Rooted in the past, carrying us forth between present and future, Russell Maliphant and Vangelis’ The Thread is a choreographic and musical exploration in tradition and invention.
Russell Maliphant’s latest work, a collaboration with renowned Greek composer Vangelis, is inspired by the concept and rooted in Greek mythology of a uniting thread: a line running from past to future, connecting humanity across regions, religions, cultures and divisions to one another and the Universe. Drawing from the rich vocabulary of Greek traditional dance, working with a cast of eighteen contemporary and traditional Greek dancers and infusing his own characteristic choreographic style inflected with the Chinese martial art of T’ai chi and Afro-Brazilian Capoeira, Maliphant weaves his thread across time and space, artfully communicating the work’s core concept. Simultaneously, Vangelis’ sound world fuses his iconic, explosive synthesised musical idiom with Greek folk melodies and polyphonies played on traditional instruments. The result is a tremendous blend of styles and sensibilities which captures local character, but also speaks to the nature of music and dance as a primordial human expression, preceding and transcending our ideas of nation and national identity.
For the first scene, Michael Hulls’ lighting carves out day and night with alternating soft amber and blue hues. The dancers form a circle which swells and transforms as they recede into the centre before bending back again to receive the glowing amber sun above. Bathing in the ebbing and flowing light, the circle gradually unravels and the dancers, still connected, begin weaving in and amongst each other to create elaborate, labyrinthine patterns evoking Ancient Greek mythology and geometric art. The movements here are simple – subtle foot-stepping sequences. However, executed in unison, the overall effect is greater than the sum of its parts: hypnotic and enthralling.
The scenes weave into one another, bringing together solos, duos and large-scale ensemble arrangements; moments of arresting intensity and spasmodic movement tied together with intimate instances of serene delicacy and fragile stillness. The elaborate steps, acrobatics and rousing, raw emotional vigour of the Greek traditional Pontian dance, the processional strides of the Syrtos and the wide, arching stances and domino-effect reactions distinctive of Maliphant’s recent work mix and mingle to stir the audience, to all but tear them from their seats. Equally rousing is the emotion written proudly on the dancers’ faces in smiles contrasted with frowns, languid grace with laboured strain.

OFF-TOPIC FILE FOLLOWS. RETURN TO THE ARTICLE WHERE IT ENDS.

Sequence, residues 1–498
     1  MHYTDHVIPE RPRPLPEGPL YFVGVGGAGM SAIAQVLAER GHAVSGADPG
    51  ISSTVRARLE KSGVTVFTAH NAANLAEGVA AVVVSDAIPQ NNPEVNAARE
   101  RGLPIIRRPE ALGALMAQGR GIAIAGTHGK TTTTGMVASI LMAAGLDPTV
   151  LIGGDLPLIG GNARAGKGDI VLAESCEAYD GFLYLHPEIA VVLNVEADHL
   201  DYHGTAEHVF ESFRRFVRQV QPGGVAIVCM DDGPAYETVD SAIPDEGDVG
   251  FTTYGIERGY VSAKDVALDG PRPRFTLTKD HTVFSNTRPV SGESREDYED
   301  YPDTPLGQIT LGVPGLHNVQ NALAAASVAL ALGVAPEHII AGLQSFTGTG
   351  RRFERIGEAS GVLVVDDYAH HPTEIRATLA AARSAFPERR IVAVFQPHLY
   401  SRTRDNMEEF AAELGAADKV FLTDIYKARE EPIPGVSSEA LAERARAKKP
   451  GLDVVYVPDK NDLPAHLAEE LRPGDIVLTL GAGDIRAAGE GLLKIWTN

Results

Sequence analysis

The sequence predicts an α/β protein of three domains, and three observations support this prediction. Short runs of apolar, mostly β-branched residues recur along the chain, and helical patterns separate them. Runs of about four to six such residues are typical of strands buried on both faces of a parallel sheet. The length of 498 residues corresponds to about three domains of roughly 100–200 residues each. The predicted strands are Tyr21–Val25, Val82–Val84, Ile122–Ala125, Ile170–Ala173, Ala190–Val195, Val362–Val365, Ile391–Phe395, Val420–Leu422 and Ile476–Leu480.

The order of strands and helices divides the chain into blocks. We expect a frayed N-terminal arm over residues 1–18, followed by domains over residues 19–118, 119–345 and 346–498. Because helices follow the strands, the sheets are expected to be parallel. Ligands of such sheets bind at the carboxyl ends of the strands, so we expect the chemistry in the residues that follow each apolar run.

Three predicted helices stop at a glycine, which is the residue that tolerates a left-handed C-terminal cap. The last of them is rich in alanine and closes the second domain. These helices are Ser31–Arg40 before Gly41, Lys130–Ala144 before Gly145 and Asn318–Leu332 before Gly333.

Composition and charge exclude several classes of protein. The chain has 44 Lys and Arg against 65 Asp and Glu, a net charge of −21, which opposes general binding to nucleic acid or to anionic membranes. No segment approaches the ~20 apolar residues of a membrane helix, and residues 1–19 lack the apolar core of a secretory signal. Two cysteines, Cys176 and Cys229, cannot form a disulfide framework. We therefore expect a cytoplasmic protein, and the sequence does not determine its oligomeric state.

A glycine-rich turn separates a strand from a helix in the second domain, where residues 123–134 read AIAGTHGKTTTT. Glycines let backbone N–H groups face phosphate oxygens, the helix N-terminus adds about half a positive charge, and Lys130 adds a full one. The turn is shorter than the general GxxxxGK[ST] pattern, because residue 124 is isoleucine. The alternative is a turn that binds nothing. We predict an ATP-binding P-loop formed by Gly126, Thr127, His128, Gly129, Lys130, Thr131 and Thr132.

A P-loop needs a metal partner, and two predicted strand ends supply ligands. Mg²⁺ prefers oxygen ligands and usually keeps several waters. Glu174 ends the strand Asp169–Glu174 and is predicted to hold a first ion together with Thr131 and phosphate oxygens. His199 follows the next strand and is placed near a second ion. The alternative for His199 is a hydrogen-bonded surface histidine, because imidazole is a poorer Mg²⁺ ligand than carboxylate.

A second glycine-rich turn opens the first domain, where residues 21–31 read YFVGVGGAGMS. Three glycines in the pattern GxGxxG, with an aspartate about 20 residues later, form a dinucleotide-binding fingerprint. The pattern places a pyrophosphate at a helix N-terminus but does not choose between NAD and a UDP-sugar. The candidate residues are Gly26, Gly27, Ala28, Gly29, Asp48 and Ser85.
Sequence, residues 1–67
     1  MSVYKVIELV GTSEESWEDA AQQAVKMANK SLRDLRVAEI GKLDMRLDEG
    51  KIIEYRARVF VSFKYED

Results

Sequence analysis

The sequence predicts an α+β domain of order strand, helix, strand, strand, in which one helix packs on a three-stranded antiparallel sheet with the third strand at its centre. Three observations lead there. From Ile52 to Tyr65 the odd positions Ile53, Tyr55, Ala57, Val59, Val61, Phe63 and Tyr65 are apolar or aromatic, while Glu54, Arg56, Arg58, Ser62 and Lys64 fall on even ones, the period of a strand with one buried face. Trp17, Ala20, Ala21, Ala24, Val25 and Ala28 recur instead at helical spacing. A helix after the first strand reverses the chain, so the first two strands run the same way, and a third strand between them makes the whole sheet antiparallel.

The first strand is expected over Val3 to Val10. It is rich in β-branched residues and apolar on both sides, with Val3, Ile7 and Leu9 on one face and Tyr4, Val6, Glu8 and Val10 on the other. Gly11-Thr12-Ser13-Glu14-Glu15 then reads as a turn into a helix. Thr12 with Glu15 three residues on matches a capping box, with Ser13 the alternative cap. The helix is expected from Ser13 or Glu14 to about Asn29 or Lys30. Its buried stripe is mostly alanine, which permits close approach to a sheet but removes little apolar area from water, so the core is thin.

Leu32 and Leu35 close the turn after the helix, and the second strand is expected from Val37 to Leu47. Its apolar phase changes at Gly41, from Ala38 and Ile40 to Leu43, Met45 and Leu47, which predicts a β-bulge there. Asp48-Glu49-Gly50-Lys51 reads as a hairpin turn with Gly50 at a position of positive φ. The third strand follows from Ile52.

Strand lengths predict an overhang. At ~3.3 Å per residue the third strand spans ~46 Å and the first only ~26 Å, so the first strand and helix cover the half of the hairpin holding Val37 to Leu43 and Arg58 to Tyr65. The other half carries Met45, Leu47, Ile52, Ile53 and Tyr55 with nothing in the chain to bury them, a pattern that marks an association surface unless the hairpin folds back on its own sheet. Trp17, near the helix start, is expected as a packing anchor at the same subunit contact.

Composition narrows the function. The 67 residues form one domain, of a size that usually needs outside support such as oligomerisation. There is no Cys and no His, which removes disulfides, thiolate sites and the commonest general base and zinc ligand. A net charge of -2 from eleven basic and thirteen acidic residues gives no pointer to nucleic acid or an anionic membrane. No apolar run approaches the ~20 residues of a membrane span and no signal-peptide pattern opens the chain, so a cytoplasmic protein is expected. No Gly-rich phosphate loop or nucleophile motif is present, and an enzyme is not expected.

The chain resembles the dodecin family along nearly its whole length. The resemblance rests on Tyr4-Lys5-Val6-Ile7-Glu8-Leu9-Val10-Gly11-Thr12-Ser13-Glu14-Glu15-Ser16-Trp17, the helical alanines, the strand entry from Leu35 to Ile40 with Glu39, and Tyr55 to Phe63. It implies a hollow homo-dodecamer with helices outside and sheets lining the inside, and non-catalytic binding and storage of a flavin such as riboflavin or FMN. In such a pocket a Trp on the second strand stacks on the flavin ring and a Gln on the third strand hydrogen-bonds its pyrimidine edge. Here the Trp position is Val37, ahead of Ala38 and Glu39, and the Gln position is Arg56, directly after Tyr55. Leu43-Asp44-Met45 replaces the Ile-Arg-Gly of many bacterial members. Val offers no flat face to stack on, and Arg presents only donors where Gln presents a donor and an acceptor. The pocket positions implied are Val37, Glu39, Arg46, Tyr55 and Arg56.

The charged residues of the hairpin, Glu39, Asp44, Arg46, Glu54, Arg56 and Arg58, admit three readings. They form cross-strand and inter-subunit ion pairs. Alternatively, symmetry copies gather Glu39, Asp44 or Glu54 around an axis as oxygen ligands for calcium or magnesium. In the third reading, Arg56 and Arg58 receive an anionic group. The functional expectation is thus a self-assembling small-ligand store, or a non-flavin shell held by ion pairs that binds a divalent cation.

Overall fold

The lighting works to produce powerful vignettes – like snapshots of the past and glimpses into the future. One such scene sees four female dancers pace and sweep the stage slowly and gracefully. Appearing as if in two-dimensions, they conjure the distinctive strength and grace of female depictions on Ancient Greek pottery. Mary Katranztou’s costumes bear her characteristic bold prints and colours and contribute much to this evocative visual imagery.
With The Thread, Maliphant and Vangelis serve as ambassadors to the Greek spirit, inviting and enticing audiences to splendour in the cultural richness of Greece’s musical and choreographic traditions. In the context of prevailing Western narratives, emergent in the wake of the Greek financial crisis, which undermine and ridicule Greece and perpetuate cynical stereotypes of the Greek working classes and promote hostility and an absence of solidarity toward civilian travails in the face of imposed austerity, Maliphant and Vangelis’ intervention is a welcome and necessary antidote. Honouring and responding to the richness of Greek culture with a unique and modern musical and choreographic language, The Thread celebrates Greece of the past, present and indeed, future.
The Thread was performed on 15, 16 and 17 March at Sadler’s Wells Theatre in London. For more information, see the show’s website.